The Government today unveiled targets to create half a million more acres of important habitat such as woodland and meadows in England over the next decade.
The strategy for protecting English wildlife, which forms part of global efforts to halt losses in nature, also includes making a quarter of the seas into protected areas and ensuring that a sixth of England's land and inland waters are managed to help wildlife.
Ministers say they want to see "better, bigger, more and joined" habitats for wildlife, protecting urban green space and using areas alongside roads and railways as "green corridors" as well as making management of the countryside greener.
Environment Secretary Caroline Spelman said conserving green spaces in towns and cities, including derelict land, had a huge benefit for local people, and was backed by measures in the recent planning reforms which allowed for the designation of green areas to protect them.
She also said reform of the Common Agricultural Policy, which pays subsidies to landowners for the land they farm, to make it more focused on the environment was key to delivering the "step change" needed in efforts to tackle wildlife loss.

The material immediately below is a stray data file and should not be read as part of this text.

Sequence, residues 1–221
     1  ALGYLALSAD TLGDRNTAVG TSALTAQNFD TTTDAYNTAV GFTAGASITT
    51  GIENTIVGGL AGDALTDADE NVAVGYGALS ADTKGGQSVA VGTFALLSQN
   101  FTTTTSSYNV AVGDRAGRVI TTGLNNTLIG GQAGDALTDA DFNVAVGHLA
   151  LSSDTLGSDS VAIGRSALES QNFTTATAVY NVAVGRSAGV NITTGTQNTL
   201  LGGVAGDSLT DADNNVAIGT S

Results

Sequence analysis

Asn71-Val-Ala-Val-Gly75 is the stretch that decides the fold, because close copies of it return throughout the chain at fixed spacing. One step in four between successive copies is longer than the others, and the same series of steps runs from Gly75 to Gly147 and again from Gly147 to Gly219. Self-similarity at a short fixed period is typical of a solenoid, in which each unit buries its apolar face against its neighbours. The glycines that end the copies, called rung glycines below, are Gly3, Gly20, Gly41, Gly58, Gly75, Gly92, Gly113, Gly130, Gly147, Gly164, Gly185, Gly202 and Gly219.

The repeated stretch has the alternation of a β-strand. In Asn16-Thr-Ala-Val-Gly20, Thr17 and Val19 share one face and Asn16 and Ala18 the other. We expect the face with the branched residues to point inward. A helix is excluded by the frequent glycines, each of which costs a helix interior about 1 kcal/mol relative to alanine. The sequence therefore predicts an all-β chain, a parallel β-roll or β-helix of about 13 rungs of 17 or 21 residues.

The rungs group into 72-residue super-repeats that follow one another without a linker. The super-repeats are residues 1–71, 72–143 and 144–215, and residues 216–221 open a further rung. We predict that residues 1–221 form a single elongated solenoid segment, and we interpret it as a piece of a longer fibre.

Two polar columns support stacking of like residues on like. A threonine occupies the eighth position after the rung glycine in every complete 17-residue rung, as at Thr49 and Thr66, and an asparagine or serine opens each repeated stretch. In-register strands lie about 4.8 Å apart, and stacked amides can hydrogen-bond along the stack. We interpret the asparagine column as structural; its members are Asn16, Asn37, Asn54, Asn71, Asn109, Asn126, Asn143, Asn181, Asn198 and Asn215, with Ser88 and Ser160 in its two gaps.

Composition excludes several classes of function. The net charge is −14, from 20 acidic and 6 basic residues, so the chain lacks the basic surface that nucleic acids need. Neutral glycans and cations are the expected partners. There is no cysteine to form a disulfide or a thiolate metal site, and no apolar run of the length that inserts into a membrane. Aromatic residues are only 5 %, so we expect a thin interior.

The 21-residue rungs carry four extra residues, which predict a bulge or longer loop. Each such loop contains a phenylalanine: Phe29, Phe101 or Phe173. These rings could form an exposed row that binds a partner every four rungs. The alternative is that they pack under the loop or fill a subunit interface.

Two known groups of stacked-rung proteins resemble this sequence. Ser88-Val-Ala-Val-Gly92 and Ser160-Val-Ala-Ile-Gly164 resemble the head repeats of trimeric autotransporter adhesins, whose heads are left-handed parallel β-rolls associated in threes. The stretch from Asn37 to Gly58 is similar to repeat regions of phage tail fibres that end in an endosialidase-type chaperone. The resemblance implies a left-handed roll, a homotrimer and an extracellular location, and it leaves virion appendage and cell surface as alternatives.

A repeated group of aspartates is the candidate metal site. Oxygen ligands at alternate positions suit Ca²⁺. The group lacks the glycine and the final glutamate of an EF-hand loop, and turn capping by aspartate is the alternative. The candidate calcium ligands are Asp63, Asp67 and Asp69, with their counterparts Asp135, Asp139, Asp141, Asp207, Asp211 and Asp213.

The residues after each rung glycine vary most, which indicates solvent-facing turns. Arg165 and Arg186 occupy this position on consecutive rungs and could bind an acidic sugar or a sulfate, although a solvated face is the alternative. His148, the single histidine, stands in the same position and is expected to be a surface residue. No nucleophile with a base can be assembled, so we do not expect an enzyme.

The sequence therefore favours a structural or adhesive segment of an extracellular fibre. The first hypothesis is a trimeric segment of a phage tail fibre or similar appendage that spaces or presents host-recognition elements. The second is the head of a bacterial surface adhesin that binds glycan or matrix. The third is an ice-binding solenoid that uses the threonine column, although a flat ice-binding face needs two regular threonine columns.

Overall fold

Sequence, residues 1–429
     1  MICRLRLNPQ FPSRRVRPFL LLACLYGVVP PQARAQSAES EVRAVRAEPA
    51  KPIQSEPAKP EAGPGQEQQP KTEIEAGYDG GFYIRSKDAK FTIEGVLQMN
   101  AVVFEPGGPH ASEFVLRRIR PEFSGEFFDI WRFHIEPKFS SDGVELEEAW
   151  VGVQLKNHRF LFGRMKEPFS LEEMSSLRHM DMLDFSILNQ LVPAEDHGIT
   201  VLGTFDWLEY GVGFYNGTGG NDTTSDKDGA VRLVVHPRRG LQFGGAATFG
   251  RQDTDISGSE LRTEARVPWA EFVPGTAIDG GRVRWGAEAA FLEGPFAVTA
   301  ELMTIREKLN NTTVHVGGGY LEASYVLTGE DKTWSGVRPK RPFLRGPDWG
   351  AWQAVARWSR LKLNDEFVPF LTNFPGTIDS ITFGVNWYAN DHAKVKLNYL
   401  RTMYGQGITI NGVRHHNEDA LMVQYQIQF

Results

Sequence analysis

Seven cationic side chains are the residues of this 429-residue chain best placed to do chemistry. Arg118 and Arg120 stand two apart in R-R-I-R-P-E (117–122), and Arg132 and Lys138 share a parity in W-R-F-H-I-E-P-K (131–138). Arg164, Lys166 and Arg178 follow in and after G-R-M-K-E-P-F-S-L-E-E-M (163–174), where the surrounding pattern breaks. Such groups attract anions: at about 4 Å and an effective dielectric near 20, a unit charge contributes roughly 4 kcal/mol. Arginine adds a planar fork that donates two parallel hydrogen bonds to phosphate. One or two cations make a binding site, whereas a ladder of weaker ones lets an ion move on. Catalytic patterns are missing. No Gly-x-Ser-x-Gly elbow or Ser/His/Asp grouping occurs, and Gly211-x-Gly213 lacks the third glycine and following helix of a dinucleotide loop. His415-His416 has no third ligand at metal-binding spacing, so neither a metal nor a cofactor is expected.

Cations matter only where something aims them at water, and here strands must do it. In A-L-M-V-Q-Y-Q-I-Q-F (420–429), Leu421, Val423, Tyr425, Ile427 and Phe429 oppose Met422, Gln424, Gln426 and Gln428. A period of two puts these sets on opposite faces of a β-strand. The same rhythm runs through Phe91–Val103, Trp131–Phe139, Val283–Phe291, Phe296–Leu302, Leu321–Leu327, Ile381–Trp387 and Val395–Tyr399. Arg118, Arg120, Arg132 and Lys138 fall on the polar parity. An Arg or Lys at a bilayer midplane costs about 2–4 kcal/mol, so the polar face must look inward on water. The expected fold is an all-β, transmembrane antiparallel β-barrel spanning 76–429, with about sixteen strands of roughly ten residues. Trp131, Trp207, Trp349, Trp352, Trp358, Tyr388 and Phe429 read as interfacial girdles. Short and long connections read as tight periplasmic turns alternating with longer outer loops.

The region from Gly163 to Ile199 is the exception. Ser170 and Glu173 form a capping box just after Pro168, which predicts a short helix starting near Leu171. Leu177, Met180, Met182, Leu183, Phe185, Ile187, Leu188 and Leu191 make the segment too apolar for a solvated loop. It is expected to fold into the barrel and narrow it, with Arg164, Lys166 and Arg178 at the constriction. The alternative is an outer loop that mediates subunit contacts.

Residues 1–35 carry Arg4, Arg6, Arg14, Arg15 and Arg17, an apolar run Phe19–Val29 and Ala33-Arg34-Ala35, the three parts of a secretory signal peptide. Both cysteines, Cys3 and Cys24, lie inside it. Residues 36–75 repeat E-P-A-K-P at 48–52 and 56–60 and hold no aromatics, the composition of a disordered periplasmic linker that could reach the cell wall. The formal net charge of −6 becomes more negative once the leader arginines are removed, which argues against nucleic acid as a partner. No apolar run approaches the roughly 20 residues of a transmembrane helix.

But conservation groups including the RSPB, Buglife, Plantlife and Butterfly Conservation warned there needed to be more focus in the plans on saving individual species ranging from the fen orchid to the cuckoo.
They warned that there were almost 1,000 species already listed as needing conservation action.
The biodiversity strategy commits to action on "priority species" - which range from bottle-nosed dolphins to skylarks - that will not be saved through the wider measures to improve the country's habitats.
It is England's answer to global pledges to halt the loss of nature by 2020, agreed last year in Nagoya, Japan, after similar targets for 2010 were missed.
The strategy comes after a mixed week of news for England's wildlife, with the revelations that otters have been rescued from the brink of extinction to return to every county followed by warnings over plummeting populations of summer migrant birds.
Mrs Spelman said: "Our wildlife is not only something that we should value because it's nice to look at.
"Nature underpins our very existence, giving us clean air to breathe, clean water to drink and healthy food to eat.
"This strategy sets out how we will stop the loss of species and habitats, so that this generation can be the first to leave our natural environment in a better state than they found it."